Joan LaRose has been to the new Target store in North Park three times since it opened on March 12. She and her neighbors "love" the convenience of having a 35,200 sq./ft. "small-format" Target nearby; product placement within the two-story building and parking in the back is another story.
"I think the liquor is too close to the rear exit," LaRose said on March 31. "It is directly adjacent to the door on the right hand side as you exit. I cannot believe Target was not aware of the potential problem here."
LaRose, 69, is a retired North Park resident that lives a half mile away from the chain store that's on the corner of University Avenue and Ray Street, two blocks east of the North Park sign.
"Hire security," suggested LaRose's neighbor. "You're going to need it. Ask Smart & Final down the street, they had to lock up the booze because of the grab-and-dash [activities]."
The back door of the revamped Target building, that once housed a JC Penney department store for three decades, leads into an alley that connects Ray Street and Grim Avenue and Target's designated parking spots.
Store employees of the neighboring businesses admit that their walk-in traffic has increased since last month.
"I went to the Target again two days ago and for the very first time visited several other local shops on foot," said one neighbor. "The new Target actually prompted me to try some local businesses I might have otherwise ignored."
Dee works in one of the adjacent buildings. "It’s not going to be easy on us to find parking daily because of [our] lost spots," she said. "There are two lots on Grim Avenue behind the Target [and] they took 29 spots and made them Target one-hour parking spots."
Jane A., an Elite '19 Yelp reviewer gave the new Target a 4-star rating out of five. "Their targeted audience are the locals," she said, "for those outsiders, good luck finding parking in North Park aka 'No Park.' It doesn't offer as much as the larger Targets but you'll find the basic necessities and then some at this location. Imagine a mini Target [with] each department shrunk down and condensed to a 8'x8' space."
"The only concern I have is that it's [mostly] self-check out," Jazmin said, "and if you buy alcohol, you have to wait in line for the customer service counter."
Another neighbor wishes there were more than "two human operated check-out registers" available; although she does applaud the loss-prevention personnel. "[On March 17] I happened to walk up to the back door right when some hooligans were trying to steal something," she said, "but security actually handled it really well."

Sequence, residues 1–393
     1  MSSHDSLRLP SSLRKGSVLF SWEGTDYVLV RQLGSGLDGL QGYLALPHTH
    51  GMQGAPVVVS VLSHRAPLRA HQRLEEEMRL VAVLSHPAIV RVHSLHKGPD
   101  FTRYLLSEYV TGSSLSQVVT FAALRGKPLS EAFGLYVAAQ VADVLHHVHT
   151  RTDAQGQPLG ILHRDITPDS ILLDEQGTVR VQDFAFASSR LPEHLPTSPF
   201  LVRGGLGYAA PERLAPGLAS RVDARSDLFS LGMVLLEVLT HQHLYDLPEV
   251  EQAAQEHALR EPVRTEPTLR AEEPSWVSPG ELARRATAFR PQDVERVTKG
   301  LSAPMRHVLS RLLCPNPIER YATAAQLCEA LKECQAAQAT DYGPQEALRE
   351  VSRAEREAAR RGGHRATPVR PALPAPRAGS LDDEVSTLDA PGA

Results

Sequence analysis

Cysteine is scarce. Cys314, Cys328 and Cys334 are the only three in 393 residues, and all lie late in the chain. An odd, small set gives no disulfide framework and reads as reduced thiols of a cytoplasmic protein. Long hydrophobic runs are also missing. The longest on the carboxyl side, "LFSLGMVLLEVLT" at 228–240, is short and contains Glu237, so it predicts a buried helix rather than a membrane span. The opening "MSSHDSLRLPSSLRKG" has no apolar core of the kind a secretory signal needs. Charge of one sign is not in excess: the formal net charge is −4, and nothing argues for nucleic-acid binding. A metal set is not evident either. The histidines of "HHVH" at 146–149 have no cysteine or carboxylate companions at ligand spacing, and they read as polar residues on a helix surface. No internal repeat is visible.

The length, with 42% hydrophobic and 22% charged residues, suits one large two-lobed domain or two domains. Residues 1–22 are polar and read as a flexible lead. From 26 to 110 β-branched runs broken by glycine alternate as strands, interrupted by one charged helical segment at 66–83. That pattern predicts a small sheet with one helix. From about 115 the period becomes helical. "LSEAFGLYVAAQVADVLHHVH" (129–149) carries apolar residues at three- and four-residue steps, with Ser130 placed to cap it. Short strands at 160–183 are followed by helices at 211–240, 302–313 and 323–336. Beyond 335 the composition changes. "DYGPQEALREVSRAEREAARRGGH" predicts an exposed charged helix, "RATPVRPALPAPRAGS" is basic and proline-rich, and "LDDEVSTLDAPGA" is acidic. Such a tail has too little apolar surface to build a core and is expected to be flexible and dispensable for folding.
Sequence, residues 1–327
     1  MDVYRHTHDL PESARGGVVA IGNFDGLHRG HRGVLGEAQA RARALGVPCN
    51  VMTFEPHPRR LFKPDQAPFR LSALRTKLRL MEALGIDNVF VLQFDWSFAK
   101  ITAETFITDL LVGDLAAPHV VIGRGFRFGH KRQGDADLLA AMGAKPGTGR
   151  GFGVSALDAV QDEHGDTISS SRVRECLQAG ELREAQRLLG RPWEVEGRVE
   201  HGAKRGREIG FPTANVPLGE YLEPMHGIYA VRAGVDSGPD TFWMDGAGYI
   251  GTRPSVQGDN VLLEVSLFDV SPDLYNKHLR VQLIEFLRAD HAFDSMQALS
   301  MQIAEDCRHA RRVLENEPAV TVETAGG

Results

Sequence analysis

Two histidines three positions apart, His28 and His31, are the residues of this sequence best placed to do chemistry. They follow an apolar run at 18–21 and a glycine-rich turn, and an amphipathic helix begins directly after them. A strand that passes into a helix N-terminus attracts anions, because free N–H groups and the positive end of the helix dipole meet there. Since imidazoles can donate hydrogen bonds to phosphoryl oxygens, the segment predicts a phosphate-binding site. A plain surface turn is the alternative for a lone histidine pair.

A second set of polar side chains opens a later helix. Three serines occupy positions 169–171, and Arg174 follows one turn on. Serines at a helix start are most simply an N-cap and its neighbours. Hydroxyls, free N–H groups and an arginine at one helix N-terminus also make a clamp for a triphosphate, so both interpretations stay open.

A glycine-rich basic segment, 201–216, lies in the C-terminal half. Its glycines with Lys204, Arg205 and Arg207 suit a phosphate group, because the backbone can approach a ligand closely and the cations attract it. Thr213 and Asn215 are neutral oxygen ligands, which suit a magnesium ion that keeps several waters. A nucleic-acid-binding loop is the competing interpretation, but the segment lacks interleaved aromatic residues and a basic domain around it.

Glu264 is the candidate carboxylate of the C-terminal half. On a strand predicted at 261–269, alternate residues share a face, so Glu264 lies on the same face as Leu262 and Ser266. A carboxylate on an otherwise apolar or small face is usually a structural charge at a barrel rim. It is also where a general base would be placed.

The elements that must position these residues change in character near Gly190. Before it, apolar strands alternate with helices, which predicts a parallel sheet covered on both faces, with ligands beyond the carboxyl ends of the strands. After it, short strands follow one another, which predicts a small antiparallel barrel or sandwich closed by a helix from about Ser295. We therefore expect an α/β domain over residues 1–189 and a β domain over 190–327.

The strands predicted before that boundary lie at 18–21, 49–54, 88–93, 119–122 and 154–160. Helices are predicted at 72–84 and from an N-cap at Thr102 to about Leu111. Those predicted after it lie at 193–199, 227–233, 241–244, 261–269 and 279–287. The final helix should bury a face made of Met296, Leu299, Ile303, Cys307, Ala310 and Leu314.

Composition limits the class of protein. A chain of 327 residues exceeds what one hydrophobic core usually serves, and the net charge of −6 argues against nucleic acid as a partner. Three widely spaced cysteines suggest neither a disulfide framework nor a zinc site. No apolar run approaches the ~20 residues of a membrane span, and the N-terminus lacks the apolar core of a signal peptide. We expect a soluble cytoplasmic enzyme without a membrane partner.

"The double doors make it harder to steal anything from the store," Dee said. "I don’t think there is much they could do to deter shoplifters with the layout."
On April 1 in the afternoon, I entered through the rear by the liquor selection and grabbed a bottle of wine. The female attendant that carded me and rang me up, confirmed that the store has "growing pains" including thieves escaping through the back door.
Some customers are concerned that the grab-and-dashes may prompt the store management to "lock the rear door" as the nearby Ralph's did last year.
"I really liked Ralph's, but I stand on my principle that closing a door for 'shortage' is short-sighted," LaRose said. "They (Target) could hire another security guard and check receipts just like they do at Costco."
"Yeah, no thanks," Morgan said. "I don't go shopping to be made to feel like a criminal. They (Ralph's) thought it would be awesome to implement some gestapo type shenanigans .... and apparently so many people complained about this tactic."
Since the opening of the new Target, according to the Crimemapping website, there were no reported crimes at Target's 3000 block on University Avenue; there was a theft/larceny case on the 3100 block on March 12 and a fraud case five days after in the same area; on 30th Street which is a block to the west, there was a theft/larceny incident on March 16 and an assault on March 22.